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Sociable people have a higher abundance of certain types of gut bacteria and also more diverse bacteria, an Oxford University study has found.

Intestines with gut bacteria on blackboard

Dr Katerina Johnson of Oxford University’s Department of Experimental Psychology has been researching the science of that ‘gut feeling’ – the relationship between the bacteria living in the gut (the gut microbiome) and behavioural traits. In a large human study she found that both gut microbiome composition and diversity were related to differences in personality, including sociability and neuroticism.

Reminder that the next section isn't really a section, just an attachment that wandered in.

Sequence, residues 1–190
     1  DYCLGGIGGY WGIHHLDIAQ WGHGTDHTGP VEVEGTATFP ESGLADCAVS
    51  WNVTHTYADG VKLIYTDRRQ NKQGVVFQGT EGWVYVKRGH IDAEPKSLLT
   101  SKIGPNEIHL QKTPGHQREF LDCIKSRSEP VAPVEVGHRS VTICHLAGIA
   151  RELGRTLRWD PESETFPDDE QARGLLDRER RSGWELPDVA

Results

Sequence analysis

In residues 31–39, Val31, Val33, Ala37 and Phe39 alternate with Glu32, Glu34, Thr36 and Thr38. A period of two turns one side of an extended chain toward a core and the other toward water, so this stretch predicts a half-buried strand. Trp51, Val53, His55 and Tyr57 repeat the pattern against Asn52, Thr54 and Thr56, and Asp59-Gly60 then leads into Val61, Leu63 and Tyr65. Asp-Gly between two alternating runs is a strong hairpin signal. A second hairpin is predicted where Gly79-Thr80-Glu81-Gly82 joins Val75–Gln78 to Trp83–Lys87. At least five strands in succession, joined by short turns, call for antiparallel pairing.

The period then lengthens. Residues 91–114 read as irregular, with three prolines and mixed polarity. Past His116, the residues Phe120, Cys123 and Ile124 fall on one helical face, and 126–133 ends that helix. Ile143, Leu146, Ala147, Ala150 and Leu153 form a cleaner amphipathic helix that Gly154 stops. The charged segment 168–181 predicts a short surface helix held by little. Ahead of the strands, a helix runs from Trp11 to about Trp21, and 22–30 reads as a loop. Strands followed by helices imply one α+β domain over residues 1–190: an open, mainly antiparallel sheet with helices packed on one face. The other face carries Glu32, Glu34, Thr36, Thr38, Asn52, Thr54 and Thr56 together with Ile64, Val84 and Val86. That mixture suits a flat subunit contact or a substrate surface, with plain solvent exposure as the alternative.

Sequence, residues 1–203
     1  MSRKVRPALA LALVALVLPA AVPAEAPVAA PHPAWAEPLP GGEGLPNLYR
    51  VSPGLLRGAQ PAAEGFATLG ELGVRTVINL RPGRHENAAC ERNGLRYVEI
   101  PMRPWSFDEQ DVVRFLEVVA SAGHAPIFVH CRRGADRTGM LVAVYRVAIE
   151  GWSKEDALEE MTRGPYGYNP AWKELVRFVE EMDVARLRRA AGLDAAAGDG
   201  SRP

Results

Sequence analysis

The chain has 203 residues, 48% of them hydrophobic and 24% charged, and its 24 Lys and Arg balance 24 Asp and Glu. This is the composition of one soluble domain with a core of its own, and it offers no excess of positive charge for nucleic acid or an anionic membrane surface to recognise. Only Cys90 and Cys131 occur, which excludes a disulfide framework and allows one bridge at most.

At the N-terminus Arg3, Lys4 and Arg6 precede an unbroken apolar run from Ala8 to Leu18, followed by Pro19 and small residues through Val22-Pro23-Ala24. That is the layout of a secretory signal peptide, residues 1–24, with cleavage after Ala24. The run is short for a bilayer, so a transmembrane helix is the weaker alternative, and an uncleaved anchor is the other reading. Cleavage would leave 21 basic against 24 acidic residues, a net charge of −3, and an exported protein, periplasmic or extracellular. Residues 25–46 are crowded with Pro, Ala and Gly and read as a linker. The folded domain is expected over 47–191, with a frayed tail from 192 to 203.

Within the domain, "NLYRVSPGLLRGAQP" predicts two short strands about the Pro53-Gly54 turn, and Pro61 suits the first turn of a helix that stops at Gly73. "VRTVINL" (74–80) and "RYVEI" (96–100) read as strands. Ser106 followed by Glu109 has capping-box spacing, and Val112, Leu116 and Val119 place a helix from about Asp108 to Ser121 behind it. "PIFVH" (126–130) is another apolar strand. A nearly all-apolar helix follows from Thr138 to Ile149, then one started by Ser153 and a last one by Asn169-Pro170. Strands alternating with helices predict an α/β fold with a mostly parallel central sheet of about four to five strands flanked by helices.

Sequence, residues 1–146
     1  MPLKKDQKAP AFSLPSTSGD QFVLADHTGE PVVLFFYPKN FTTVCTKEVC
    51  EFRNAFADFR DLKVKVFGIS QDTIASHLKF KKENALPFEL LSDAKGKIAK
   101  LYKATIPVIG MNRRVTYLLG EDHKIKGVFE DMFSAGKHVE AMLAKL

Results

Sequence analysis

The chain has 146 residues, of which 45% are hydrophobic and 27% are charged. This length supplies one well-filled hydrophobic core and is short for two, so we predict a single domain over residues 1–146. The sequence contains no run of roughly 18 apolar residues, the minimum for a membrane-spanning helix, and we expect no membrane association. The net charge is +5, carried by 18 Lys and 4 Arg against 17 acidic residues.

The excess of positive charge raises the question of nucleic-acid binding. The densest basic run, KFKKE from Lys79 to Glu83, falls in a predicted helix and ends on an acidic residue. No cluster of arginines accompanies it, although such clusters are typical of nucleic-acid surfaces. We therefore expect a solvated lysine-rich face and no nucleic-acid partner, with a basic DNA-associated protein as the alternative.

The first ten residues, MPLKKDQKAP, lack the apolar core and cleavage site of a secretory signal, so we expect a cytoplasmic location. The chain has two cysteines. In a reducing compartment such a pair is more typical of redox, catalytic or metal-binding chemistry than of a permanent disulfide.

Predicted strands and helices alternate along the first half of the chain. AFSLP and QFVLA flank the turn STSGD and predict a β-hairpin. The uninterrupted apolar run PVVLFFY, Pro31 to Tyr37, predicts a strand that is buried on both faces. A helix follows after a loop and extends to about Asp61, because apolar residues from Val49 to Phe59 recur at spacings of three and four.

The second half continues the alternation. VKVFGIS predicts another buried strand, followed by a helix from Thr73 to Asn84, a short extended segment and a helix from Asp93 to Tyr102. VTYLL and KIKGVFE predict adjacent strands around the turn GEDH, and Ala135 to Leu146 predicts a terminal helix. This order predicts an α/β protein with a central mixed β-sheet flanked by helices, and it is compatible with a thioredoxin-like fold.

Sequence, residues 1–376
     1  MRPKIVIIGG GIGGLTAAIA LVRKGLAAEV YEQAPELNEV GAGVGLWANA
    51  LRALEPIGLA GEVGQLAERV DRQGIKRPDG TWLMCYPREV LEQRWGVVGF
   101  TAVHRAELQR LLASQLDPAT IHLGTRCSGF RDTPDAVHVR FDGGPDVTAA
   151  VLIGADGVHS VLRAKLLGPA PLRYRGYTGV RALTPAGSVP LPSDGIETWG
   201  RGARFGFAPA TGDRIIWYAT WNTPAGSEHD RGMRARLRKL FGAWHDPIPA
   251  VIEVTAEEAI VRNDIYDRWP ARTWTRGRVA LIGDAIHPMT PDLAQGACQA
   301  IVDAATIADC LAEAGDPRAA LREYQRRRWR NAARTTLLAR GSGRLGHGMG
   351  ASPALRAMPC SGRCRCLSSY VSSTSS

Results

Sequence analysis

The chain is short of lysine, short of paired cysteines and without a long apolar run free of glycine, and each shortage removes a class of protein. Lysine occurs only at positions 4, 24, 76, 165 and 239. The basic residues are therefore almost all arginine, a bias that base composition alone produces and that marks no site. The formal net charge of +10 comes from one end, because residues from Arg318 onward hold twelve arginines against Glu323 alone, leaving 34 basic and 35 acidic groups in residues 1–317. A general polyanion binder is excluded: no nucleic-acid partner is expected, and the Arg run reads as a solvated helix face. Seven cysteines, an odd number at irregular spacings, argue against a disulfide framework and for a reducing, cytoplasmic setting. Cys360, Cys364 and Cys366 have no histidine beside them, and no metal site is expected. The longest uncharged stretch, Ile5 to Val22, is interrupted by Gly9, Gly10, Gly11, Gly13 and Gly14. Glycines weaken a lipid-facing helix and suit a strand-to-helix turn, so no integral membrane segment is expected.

She said: 'There has been growing research linking the gut microbiome to the brain and behaviour, known as the microbiome–gut–brain axis. Most research has been conducted in animals, whilst studies in humans have focused on the role of the gut microbiome in neuropsychiatric conditions. In contrast, my key interest was to look in the general population to see how variation in the types of bacteria living in the gut may be related to personality.'

Read more on the University of Oxford website

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